I’m a real sucker for “dad” moments in sports.
You know, those heartwarming incidents that happen during a game or event, which really highlight the love between a father and their children.
From Jeff Hornacek wiping his face during free throw attempts as a way to secretly say hi to his kids, to the dude who saved his son’s head from a flying bat, to Derek Redmond’s pops jumping out of the stands to help him finish an Olympic race, to (my personal fav) John McDonald fulfilling a promise he made to his dying dad by hitting a home run on Father’s Day, stuff like this really gets to me.
And to these iconic moments, I’ll add one of my own, one which will forever be known (in our house anyway) as The Shot.
It occurred during three-pitch softball recently, where B had come with me to my game. Despite it being a fun, recreational co-ed league, there are a ton of people in it who can flat out crush the ball. Yours truly, however, is not one of them. Possessing shallow outfield pop-fly power, I am the most slap-single happy guy in the whole league.
While effective, this isn’t exactly sexy. Other kids at games cheer their dads on to “hit a homer!” Meanwhile, B gets to watch his old man leg out infield grounders. As a result, B’s taken to the sluggers on our team, and roots for them more than me, because, well, dingers!
Which brings me to The Shot.
B had been having a blast playing ball boy that day. When a foul ball was hit, he would run to retrieve it, and throw it back on the field.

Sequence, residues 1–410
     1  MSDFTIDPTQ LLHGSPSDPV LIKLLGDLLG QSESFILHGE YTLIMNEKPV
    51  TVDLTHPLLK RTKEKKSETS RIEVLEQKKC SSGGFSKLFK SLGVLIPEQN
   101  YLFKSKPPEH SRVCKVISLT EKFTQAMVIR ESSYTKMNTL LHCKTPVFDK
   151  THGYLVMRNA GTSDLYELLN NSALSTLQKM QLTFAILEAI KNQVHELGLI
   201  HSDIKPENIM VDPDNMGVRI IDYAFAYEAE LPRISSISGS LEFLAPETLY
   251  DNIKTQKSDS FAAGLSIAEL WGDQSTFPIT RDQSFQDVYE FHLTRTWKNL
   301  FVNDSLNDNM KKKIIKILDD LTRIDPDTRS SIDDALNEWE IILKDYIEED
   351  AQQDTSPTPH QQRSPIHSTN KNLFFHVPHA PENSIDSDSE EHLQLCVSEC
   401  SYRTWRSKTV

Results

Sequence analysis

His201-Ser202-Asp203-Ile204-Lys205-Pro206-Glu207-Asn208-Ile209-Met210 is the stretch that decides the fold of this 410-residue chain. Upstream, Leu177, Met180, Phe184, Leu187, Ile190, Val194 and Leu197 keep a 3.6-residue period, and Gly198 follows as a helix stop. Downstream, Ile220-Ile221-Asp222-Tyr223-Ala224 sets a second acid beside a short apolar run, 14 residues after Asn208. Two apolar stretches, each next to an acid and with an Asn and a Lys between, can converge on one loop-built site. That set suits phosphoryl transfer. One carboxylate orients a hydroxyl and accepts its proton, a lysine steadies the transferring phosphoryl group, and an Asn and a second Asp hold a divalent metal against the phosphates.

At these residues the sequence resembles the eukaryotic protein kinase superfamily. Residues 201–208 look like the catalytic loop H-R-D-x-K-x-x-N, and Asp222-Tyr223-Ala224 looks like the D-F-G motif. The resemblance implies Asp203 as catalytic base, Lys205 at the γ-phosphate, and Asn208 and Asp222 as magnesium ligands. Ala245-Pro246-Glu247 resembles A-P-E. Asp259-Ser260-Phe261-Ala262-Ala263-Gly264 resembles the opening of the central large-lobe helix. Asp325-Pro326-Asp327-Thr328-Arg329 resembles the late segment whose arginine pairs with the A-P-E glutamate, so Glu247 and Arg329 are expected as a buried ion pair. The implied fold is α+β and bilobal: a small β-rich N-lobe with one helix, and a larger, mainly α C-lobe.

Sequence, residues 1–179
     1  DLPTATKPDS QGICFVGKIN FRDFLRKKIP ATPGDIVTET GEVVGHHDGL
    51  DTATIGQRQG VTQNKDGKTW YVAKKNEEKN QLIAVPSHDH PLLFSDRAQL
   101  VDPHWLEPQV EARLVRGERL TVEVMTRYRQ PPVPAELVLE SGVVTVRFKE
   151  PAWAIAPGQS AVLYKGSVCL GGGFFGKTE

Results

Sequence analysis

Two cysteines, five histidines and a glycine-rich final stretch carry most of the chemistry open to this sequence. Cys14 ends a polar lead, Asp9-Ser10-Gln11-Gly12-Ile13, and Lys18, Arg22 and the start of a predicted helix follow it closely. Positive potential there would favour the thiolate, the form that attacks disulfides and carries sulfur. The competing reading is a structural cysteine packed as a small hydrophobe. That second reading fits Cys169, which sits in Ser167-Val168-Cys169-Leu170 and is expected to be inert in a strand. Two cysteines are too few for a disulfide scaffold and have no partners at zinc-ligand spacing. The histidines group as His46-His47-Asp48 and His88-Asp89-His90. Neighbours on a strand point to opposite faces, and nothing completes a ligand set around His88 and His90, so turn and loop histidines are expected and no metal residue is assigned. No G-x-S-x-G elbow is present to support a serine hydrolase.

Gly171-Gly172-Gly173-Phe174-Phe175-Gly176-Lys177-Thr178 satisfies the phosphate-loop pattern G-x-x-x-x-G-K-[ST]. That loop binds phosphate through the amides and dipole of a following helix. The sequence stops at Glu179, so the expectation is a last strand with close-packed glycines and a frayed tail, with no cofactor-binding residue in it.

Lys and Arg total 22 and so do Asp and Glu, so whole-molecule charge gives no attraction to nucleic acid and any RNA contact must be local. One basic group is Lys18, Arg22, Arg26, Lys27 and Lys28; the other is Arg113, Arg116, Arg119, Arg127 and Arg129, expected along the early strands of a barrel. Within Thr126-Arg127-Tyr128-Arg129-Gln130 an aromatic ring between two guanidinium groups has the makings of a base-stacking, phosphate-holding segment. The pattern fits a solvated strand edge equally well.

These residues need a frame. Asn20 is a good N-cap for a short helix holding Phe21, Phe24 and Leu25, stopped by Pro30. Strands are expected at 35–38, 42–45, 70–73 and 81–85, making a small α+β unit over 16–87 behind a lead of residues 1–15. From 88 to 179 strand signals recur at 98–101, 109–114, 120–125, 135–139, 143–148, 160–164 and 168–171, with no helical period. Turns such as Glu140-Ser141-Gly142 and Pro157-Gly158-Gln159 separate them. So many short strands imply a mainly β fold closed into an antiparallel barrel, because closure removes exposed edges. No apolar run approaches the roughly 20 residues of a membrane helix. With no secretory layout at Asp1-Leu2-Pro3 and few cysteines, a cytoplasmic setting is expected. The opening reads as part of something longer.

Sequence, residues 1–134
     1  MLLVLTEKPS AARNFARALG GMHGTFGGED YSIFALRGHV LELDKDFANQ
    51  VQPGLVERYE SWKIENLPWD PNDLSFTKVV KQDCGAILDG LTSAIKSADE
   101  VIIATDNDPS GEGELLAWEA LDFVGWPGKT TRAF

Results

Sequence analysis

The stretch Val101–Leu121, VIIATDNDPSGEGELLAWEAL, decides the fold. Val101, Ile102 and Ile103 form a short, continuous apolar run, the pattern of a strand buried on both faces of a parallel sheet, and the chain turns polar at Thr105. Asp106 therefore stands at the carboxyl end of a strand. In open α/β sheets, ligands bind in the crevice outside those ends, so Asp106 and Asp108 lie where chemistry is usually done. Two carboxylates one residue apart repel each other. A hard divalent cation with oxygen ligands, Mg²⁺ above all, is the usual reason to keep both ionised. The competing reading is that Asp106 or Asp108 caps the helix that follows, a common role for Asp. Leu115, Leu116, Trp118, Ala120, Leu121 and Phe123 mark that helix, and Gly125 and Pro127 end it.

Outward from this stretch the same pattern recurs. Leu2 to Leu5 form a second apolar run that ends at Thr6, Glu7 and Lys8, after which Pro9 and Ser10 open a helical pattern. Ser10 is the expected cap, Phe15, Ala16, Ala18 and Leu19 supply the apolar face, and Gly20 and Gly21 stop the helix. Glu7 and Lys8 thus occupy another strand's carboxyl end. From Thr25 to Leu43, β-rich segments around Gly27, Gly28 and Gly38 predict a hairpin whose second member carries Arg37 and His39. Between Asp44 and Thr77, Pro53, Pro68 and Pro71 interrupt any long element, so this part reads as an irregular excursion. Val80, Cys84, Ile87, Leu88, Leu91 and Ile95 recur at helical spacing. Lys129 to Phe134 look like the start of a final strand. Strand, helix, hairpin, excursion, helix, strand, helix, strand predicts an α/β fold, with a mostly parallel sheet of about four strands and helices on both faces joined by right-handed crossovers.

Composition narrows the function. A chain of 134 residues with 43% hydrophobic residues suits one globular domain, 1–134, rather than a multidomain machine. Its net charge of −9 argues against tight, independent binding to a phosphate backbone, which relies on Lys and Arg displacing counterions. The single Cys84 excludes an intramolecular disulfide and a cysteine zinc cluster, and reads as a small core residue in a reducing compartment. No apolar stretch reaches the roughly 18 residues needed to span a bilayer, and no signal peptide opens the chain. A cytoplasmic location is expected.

As I was waiting on deck, for my turn to bat, B came over to me and said “Daddy? I’m going to go over there (he pointed to the backstop, behind home plate). Can you hit a foul ball to me?”
Now, besides having no power, I should mention that I also have no aim. I’ve never picked a spot and hit a ball to it. I’d have just as little a chance of perfectly fouling off a pitch as I would of hitting a home run.
So of course I told B that I would hit a ball to him!
As he excitedly ran off to the backstop, it dawned on me what a bad idea this potentially was. I would only have two chances to perfectly foul off a pitch (I couldn’t get out by wasting the third pitch). On top of that, there was a decent crowd of people. I would have to hit it in the area that B was, so he alone could retrieve the ball. I also had to hope that the ball wouldn’t injure someone, too.
Negative thoughts filled my head when I stood at the plate. I pictured me swinging, and having the ball bounce off my face, shattering my nose. As I bled profusely, B would laugh and call me a failure, and immediately seek emancipation from his loser dad. Maybe Kelly Clarkson would write a song about it.
Anyway, with all that on my mind, the pitcher threw the ball.
As it neared, I took an uppercut swing.
The ball floated up. It sailed back. Back over the backstop…..back over B……and landed and rolled safely, a good 20 feet behind him.
B happily sprinted off, scooped it and proudly threw it back onto the field. After the game, he was more turnt up about that play, than any other hit or home run. #winning
Against all reasonable explanation, I said that I would hit a foul ball to my son, and I did it. I called my shot, forever to be known as The Shot.
Now truth be told, B’s probably forgotten about this little play, and I’m the only one who still thinks it was awesome .
That’s cool, though.
You see, in baseball and in parenting, we can’t all be home run hitters. All we can do is try our best. Sometimes we’ll strike out. Sometimes we’ll hit a single. Sometimes, we’ll knock one out of the park.
And sometimes, on that rare occasion, a foul ball will be just as good as a homer.